I understand that you migrated to art as a college student. I assume that there were early creative experiences that paved the way. Was your artful spirit hibernating, were you aware of it?
It’s interesting that your mother was the one to encourage you to take the leap in Art studies since often most parents place an emphatic push on traditional careers. She must have been a very intuitive person with good instincts.
You traveled through initial career journeys as an archaeologist then an architect to solidly planting yourself as an artist. How have these studies shaped your thinking in making your art?
You write:“The things I make influence what I buy and the things I buy influence what I make….. It’s a dance where ideas are applied in different ways depending on the medium.” This integrative approach must trigger a whole inner circle of visual and intellectual thought. When did you become conscious of this unique way of relating to the objects around you?
It is kind of a circle; each feeds the other. We’re making rugs in Nepal and using images of pots in the design, and as the rugs change it goes back and influences my pots again. Now I am making a new line of furniture which is taking imagery from both the pots and the rugs. It is a kind of interior discussion based on curiosity of what happens if I take this thing from here……stealing one thing from one place to see how it may fit in another . It’s an approach of transforming one thing to another.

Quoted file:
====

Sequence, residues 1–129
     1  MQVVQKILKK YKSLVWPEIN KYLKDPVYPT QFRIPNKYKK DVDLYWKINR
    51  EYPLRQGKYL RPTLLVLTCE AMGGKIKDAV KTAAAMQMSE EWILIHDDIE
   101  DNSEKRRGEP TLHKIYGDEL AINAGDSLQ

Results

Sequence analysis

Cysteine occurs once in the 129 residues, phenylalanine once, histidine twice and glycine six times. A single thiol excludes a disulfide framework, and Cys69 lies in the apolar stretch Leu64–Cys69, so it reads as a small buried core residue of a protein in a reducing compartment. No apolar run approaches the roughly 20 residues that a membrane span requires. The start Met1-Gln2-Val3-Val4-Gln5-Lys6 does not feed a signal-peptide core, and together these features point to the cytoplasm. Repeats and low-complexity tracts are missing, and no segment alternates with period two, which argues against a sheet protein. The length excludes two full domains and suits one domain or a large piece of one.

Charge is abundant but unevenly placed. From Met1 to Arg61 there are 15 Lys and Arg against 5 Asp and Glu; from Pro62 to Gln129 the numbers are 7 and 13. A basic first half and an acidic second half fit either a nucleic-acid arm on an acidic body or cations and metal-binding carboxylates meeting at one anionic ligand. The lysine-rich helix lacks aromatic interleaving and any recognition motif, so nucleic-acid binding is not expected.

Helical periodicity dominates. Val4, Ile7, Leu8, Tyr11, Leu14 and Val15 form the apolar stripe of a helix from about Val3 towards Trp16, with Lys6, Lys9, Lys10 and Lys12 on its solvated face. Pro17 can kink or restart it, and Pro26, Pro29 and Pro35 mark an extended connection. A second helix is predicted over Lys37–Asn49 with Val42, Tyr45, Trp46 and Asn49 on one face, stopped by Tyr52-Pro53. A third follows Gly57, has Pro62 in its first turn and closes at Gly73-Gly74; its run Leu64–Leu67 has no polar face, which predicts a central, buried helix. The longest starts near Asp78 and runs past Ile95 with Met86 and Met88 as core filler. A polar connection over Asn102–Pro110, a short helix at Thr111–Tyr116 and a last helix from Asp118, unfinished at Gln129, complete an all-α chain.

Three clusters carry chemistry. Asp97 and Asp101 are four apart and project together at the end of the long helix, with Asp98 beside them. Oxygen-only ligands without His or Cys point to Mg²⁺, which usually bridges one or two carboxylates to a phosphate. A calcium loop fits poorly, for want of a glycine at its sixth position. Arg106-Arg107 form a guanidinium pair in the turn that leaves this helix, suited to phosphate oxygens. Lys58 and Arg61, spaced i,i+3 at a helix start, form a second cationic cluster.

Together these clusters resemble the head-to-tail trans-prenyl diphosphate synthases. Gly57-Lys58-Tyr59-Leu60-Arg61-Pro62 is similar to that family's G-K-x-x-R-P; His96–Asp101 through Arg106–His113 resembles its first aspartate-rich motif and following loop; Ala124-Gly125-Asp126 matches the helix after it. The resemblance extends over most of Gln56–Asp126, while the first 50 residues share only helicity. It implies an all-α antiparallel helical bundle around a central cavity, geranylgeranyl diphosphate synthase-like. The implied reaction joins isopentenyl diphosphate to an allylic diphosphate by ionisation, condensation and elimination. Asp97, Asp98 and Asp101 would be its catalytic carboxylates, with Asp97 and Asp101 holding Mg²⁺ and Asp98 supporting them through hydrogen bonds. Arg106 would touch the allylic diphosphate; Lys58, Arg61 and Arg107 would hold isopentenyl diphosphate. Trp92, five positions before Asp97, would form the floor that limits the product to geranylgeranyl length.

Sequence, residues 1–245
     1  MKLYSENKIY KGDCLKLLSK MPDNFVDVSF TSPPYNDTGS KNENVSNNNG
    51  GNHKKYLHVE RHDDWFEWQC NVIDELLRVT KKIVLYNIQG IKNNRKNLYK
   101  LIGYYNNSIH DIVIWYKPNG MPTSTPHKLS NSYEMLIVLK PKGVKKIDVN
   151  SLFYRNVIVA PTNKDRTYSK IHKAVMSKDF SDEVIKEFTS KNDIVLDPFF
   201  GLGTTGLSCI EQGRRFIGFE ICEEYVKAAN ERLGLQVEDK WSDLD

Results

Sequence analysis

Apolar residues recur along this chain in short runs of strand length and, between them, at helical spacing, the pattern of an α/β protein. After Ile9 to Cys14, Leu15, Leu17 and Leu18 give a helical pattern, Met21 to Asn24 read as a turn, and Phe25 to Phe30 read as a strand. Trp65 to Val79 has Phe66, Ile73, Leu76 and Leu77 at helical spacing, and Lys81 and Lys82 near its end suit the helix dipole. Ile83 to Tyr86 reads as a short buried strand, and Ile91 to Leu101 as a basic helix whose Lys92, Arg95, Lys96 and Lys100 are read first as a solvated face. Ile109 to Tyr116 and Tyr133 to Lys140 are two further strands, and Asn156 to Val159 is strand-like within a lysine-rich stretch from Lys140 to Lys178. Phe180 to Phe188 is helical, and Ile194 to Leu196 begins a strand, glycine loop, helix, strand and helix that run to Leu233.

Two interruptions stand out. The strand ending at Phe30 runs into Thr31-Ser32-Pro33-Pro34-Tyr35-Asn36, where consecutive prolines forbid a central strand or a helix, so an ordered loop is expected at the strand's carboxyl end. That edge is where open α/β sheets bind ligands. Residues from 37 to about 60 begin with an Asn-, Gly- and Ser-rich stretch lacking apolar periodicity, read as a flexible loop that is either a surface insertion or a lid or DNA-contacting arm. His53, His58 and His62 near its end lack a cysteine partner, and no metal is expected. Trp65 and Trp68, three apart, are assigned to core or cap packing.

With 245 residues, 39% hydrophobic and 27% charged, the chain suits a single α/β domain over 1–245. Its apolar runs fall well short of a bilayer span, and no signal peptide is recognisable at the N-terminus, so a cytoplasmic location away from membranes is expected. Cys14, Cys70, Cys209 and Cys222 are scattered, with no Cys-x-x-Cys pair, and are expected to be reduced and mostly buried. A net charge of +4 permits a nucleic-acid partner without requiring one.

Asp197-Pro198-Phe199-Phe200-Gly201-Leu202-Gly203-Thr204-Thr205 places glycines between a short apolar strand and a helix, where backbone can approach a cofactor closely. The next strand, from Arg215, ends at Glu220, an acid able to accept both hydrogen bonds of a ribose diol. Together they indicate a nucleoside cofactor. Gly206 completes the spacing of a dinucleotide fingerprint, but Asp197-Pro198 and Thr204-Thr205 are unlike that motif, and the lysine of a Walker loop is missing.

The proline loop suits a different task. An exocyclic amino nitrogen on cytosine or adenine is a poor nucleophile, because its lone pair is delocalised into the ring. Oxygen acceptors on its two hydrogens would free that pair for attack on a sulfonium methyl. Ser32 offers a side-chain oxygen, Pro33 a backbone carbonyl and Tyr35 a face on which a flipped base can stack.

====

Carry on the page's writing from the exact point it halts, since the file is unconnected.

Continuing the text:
Your approach to creating art is dynamic. You respond with flexibility, shifting your initial values to embrace a more complex view that hosts many elements of thought to bring down barriers of distinction among those elements. Do you consider yourself a flexible open person in life as well?
I have been a practicing Buddhist for many years; one of the things this leads to is that one becomes less interested in the distinctions between this and that. I’m not interested in barriers, so I can move between things that others may find think of as very different. And a lot of what I do is to show up to the problem with whatever point of view I have and apply it.
I probably consider myself more open and flexible than others do.
Also I may be more open than flexible because the way I do things requires discipline so it means that I may have to say “No” to people who want me to do something else.
Having created in many mediums (clay, paint, steel, fiber) and produced many objects/items, what do you still yearn to do now at 72?
It’s almost a continuation of all things and of course there is an economic piece to all of it since I stopped teaching 40 years ago and now I am focused on sustaining my studio.